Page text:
Should marijuana be legalized? Public opinion in the United States couldn’t be more evenly divided; the latest Gallup poll reports that exactly half of Americans say “Yes.”
Marijuana is forbidden by international treaties and by national and local laws across the globe. But those laws are under challenge in several countries. In the United States, there is no short-term prospect for changes in federal law, but sixteen states allow medical use and recent initiatives to legalize production and nonmedical use garnered more than 40 percent support in four states. California’s Proposition 19 nearly passed in 2010, and as we write a number of states are expected to consider similar measures in 2012.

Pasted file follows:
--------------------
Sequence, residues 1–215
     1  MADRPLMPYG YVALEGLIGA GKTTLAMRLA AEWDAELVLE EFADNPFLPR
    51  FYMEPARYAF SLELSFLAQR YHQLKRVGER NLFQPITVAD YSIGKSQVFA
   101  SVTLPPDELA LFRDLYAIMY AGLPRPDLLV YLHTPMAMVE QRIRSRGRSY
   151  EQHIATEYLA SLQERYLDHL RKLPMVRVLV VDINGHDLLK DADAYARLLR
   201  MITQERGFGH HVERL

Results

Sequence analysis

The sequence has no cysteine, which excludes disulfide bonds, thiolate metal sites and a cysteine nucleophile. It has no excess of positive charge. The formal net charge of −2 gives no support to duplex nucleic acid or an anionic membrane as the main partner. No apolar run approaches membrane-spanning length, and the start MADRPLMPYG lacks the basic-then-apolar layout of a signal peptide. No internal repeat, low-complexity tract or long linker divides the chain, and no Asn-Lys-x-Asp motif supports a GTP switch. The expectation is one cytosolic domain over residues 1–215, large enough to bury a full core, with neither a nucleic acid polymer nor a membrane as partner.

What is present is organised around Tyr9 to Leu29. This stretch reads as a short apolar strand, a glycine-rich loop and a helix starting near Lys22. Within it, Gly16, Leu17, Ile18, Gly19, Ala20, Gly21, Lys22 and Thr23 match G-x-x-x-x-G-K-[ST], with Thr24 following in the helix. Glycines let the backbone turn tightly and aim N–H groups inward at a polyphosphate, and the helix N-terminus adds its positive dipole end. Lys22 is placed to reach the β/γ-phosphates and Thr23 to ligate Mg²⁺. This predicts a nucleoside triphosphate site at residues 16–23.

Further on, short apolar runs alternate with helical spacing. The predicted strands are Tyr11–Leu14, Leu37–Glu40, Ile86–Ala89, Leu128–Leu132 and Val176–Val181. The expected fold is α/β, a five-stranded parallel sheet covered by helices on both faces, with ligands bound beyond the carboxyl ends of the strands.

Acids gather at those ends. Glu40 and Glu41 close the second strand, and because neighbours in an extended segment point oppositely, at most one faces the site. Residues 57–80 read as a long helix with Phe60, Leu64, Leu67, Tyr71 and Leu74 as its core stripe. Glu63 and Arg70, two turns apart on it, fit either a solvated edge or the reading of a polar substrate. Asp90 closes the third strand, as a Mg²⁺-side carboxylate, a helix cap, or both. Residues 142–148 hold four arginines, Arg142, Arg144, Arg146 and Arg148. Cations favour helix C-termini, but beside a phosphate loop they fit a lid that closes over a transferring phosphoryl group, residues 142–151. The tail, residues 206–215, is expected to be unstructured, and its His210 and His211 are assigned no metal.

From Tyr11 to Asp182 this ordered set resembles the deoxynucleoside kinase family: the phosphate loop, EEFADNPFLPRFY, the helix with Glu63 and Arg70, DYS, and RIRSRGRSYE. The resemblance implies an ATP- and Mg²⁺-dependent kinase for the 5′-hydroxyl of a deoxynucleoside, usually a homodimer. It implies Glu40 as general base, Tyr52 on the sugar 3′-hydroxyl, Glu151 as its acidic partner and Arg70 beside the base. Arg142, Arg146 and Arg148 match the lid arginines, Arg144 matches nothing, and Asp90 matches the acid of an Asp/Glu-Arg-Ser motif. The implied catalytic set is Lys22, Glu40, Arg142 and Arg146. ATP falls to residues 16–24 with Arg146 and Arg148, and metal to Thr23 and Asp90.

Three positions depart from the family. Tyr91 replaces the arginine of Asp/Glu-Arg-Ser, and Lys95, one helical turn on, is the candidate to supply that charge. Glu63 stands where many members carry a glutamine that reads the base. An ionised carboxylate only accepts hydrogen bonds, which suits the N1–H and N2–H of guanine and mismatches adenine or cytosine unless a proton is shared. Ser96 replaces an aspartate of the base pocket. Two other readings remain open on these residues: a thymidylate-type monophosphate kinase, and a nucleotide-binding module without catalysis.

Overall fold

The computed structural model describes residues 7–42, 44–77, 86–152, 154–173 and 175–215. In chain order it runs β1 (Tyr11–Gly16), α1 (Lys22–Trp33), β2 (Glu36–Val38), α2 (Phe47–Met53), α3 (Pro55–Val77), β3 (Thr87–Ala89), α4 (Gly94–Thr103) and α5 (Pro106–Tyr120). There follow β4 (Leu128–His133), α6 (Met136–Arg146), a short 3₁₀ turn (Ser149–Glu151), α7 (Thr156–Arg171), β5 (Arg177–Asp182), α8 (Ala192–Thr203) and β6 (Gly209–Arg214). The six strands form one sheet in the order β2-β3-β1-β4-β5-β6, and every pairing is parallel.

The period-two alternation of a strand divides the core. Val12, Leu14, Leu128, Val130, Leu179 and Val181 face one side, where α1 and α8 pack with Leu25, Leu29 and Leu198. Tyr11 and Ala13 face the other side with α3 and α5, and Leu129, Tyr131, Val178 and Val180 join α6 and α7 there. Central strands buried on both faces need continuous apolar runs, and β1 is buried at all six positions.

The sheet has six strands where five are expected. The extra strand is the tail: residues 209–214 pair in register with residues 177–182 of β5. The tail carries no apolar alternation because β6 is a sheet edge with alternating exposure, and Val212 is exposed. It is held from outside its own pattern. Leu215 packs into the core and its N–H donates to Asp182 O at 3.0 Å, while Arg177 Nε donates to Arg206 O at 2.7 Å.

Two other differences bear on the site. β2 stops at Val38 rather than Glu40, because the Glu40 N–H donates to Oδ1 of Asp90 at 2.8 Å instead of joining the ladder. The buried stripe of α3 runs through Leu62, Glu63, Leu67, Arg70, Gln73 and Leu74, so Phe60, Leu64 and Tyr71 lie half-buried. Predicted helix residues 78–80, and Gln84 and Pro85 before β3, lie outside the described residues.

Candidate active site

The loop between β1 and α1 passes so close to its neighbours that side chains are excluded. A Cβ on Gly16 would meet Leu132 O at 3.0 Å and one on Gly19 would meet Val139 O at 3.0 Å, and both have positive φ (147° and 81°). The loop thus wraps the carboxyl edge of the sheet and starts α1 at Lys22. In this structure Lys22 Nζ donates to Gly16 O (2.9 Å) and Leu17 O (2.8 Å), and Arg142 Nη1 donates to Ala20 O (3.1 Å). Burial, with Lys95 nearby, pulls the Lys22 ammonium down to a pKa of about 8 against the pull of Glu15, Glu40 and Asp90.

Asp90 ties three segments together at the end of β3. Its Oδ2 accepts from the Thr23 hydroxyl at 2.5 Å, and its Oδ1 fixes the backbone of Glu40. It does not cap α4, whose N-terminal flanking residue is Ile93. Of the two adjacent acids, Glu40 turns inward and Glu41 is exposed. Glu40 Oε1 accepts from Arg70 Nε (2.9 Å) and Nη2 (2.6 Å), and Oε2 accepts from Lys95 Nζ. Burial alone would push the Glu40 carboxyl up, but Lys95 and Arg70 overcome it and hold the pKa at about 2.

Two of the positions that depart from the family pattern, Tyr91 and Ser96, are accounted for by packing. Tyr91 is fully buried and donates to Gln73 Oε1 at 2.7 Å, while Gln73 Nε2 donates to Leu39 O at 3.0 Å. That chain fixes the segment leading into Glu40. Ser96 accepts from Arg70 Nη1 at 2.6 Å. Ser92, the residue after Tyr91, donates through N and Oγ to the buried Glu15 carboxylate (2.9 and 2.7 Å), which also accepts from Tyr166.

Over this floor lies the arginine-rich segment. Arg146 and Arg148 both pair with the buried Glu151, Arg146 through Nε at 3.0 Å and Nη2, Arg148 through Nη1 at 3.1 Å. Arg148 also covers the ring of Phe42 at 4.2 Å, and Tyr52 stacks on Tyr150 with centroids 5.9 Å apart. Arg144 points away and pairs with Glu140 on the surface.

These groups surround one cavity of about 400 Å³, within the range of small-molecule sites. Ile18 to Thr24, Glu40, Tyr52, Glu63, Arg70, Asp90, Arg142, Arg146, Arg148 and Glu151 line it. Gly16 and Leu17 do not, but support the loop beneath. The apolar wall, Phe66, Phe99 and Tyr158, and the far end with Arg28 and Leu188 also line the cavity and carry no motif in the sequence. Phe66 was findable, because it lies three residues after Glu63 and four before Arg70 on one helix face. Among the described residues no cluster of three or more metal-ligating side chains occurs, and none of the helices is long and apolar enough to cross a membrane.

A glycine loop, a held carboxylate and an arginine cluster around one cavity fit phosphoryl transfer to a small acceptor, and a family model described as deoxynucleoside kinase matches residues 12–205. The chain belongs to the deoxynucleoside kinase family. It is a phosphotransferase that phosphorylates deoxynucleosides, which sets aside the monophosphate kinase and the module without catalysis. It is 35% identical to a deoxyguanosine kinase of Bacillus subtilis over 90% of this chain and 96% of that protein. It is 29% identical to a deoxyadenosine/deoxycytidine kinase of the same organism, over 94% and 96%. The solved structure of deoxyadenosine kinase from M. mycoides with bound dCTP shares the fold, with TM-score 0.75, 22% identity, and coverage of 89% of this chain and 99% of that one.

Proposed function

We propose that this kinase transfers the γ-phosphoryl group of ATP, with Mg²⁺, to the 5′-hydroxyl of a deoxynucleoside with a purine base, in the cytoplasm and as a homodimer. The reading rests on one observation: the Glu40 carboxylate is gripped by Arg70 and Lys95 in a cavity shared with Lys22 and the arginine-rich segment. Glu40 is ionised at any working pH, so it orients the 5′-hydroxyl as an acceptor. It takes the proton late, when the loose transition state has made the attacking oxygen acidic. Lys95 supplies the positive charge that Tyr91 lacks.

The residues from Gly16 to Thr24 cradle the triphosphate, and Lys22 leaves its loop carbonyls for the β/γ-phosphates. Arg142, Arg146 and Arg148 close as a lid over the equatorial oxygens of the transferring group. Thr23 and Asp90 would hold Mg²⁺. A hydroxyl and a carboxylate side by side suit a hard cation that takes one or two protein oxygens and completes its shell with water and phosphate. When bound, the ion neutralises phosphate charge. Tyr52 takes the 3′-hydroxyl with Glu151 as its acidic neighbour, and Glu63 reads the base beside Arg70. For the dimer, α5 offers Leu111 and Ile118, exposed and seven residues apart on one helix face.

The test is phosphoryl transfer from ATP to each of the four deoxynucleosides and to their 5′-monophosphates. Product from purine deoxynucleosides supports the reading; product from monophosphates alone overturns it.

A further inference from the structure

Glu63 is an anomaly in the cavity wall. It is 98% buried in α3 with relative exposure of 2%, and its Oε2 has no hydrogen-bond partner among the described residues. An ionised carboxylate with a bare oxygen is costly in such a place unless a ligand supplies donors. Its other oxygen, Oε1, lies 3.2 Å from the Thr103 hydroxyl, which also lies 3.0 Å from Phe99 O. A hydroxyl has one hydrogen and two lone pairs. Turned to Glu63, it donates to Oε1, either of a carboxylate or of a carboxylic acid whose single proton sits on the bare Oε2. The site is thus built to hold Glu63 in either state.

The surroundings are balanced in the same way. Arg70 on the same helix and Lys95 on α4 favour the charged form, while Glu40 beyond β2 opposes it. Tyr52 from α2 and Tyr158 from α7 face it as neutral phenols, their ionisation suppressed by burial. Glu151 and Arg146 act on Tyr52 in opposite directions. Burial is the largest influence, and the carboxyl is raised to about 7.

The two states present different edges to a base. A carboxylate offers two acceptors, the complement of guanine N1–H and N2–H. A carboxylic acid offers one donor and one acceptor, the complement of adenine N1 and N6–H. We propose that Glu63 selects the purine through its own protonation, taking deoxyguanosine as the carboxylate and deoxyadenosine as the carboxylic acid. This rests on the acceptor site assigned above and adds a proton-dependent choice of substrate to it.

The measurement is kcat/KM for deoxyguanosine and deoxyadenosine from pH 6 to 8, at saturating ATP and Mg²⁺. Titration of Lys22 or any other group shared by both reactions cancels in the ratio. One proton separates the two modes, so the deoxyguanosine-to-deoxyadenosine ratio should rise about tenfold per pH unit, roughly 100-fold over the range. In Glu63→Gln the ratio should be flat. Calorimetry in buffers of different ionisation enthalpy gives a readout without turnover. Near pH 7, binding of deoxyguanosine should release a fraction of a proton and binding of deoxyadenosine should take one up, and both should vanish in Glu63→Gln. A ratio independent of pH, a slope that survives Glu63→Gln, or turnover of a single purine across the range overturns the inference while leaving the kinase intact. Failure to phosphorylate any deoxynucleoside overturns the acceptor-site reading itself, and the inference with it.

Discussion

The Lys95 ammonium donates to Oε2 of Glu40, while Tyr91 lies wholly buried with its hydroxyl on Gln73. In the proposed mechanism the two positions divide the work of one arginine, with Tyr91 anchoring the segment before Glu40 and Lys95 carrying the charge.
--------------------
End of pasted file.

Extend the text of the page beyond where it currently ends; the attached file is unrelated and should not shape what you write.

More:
There’s more to the issue than a simple “yes” or “no” on a survey or ballot. Marijuana legalization turns out not to be a single question but a whole collection of questions.
Should people be allowed to use marijuana? If yes, does that mean only people with medical need, or social and recreational users as well? Adults only? In public, or only in private? Should selling marijuana be legal? Or semilegal, as it is in the Netherlands? If so, under what rules? At what price? With what taxes? Or should users be restricted to growing their own or joining noncommercial cooperatives? While the drug remains illegal nationally, does it make sense to legalize it locally?